For two-days, on Friday 12th August, 10am-8pm and Saturday 13th August, 10am-4pm, St James’ Square in Grimsby will be the scene of an Artificial Intelligence enabled interactive public art installation.

Come and walk, jump, wheel and dance your way across St James’ Square, under the watchful gaze of CCTV cameras. Pull shapes inspired by the Murmuration artwork and see how your moves are interpreted by Artificial Intelligence into text displayed in real time. Are you a regular resident going about your life, or will your movements be interpreted as something else?


Walk This Way has been created by Annabel McCourt and Adrian Riley, the artists behind public artworks created for St James’ Square in 2021, Murmuration and Come Follow Me (commissioned by Grimsby Creates and Grimsby based visual arts organisation, Our Big Picture), and co-created with visual artists that use software, programming and emerging technology, Rod Dickinson and Sarah Selby.

Drawing inspiration from the area and the people they meet there, the fixed public art works are rooted in community and their histories, research, strong visual imagery, creative use of language and font style.

Adrian Riley, Artist said: “Whilst commercial uses of AI are unlikely to profile people as historical characters or fellow residents of Grimsby – especially those whose stories are etched in stone outside the Minster – we hope it will be interesting for people to come along to St James Square and have some fun engaging with the technology and perhaps also think about the deeper issues it might hold for our communities.”

Walk This Way bridges the gap between the physical and digital artwork, and tests new ways to involve and animate people in the place. A further demonstration as to how fixed public artworks are segueing into real-world participatory digital experiences.

Annabel McCourt, Artist said: “Our work is all about democratising art and technology for members of the public to reclaim their public spaces as fun and playful environments. If people experience the power of AI in their town centre, they can understand the implications of AI surveillance on a global scale.”

Come Follow Me, Adrian Riley. Courtesy of the artist.
Murmuration, Annabel McCourt. Photo credit: Rick Walker/PA Wire


The public installation is part of Grimsby Creates Creative Programme, an ambitious, place-shaping schedule of activities, events, festivals, residencies and public art over three years. Supported by the Cultural Development Fund, which is funded by the Department for Digital, Culture, Media and Sport (DCMS) and administered by Arts Council England, the programme is providing a unique opportunity to transform Grimsby into a vibrant town centre where heritage and creativity are enjoyed.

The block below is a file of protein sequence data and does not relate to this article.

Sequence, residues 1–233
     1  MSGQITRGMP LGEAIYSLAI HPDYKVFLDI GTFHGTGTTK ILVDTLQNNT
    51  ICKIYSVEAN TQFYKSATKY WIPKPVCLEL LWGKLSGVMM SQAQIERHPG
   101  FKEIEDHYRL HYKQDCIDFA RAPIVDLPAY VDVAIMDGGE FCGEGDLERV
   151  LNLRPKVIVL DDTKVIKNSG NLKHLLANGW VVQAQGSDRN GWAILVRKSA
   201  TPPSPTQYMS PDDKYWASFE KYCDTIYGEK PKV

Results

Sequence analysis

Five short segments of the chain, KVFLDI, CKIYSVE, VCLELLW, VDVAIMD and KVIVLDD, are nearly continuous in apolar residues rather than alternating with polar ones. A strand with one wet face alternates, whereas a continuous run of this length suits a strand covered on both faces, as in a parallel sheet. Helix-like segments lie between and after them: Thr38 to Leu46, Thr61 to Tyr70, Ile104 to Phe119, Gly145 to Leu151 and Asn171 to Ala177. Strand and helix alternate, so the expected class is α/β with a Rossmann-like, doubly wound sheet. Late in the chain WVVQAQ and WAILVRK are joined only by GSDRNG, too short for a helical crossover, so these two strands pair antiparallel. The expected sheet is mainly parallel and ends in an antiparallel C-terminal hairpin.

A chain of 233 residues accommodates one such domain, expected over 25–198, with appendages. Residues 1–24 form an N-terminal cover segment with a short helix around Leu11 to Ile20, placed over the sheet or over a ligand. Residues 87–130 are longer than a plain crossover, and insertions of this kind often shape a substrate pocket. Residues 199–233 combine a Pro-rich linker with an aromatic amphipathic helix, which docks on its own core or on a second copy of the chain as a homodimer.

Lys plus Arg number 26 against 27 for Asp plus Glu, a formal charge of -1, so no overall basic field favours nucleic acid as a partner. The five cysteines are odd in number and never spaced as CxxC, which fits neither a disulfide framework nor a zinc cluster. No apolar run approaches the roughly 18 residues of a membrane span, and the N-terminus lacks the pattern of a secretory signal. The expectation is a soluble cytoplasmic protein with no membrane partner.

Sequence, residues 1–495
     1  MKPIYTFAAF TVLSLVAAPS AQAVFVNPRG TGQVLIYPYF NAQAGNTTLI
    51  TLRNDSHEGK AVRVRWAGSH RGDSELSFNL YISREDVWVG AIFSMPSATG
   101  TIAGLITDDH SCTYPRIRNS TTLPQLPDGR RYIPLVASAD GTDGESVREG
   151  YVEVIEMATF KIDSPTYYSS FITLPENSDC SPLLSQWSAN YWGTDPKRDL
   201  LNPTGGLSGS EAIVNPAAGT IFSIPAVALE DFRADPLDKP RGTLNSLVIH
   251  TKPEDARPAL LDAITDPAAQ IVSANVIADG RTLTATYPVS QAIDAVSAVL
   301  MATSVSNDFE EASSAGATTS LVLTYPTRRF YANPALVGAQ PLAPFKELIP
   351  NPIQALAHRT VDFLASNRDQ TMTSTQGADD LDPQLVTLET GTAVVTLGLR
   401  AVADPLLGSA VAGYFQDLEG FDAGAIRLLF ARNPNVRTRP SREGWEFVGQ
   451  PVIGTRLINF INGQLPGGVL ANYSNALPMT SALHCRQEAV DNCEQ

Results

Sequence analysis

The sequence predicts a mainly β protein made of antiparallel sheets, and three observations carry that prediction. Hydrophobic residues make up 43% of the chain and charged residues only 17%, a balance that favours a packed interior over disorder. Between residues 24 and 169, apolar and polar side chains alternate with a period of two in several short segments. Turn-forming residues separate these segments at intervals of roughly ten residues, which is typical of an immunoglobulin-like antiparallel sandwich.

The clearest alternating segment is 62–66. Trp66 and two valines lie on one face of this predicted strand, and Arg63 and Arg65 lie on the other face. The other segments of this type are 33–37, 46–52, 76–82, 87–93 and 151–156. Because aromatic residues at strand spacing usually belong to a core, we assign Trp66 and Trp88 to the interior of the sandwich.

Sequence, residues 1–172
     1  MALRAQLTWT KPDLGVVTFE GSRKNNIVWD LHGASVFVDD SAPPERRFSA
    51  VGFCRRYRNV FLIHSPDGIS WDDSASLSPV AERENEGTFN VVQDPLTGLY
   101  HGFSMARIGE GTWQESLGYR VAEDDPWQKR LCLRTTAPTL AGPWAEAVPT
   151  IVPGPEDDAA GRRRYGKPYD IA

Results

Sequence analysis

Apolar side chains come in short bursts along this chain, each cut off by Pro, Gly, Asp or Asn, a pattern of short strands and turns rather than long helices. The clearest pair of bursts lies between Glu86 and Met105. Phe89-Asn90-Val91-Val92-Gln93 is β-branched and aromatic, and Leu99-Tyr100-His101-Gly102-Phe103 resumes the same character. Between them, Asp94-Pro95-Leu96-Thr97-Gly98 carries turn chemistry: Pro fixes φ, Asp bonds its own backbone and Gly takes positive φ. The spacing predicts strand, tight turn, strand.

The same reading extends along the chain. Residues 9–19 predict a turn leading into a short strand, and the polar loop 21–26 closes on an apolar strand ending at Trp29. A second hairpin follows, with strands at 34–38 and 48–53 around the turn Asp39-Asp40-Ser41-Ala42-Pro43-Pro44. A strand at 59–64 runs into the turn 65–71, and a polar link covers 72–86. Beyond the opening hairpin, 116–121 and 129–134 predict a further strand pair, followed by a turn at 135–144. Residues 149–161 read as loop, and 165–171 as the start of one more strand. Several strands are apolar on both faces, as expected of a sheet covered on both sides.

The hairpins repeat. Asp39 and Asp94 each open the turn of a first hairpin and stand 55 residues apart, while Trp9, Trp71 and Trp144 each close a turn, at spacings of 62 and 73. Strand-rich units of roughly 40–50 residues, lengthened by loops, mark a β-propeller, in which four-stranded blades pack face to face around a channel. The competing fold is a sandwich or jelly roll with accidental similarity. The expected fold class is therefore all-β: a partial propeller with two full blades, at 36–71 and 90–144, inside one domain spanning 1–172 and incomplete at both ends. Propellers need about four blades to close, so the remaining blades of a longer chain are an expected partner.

Adrian Riley, Artist, said: “Being asked to develop a digital extension of Murmuration and Come Follow Me has been a welcome opportunity to look back at the origins of both artworks. It was important to us both that the content came from the people of Grimsby, which led us to the themes that are explored in this new digital piece – community, belonging, and ownership of public space.”

Cllr Tom Furneaux, cabinet member for culture at North East Lincolnshire Council said: It’s great to see such exciting cutting-edge digital works being shown in Grimsby. It builds on the exceptional refurbishment of St James’ Square and gives an opportunity for residents and visitors to enjoy Grimsby town centre in innovative and exciting ways”

Walk This Way is delivered by Threshold Studios through Digital Democracies, a national project pioneering the development of democratic and innovative digital work in public space.

Samantha Lindley, Creative Director, Threshold Studios said: “Investing in research and development, and creating a space for new and experimental work to be tested publicly, is crucial for innovation and creativity to thrive. So, we’re pleased to be supporting the development of this new work and connecting with live public audiences, through the Digital Democracies commissioning programme.”

Walk This Way interactive installation will be taking place at St James’ Square, on Friday 12th August, 10am-8pm and Saturday 13th August, 10am-4pm.

The artists will also be on hand to explain how the technology behind the piece works and discuss the implications of this technology in our daily life.